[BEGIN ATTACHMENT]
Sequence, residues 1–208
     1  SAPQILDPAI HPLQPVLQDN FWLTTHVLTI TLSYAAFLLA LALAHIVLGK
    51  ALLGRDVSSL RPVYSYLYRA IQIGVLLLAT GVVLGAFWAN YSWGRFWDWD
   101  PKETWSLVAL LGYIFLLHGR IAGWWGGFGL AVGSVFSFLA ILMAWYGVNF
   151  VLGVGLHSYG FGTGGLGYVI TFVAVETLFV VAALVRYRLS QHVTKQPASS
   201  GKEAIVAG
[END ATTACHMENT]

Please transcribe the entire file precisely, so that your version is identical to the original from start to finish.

Sequence, residues 1–208
     1  SAPQILDPAI HPLQPVLQDN FWLTTHVLTI TLSYAAFLLA LALAHIVLGK
    51  ALLGRDVSSL RPVYSYLYRA IQIGVLLLAT GVVLGAFWAN YSWGRFWDWD
   101  PKETWSLVAL LGYIFLLHGR IAGWWGGFGL AVGSVFSFLA ILMAWYGVNF
   151  VLGVGLHSYG FGTGGLGYVI TFVAVETLFV VAALVRYRLS QHVTKQPASS
   201  GKEAIVAG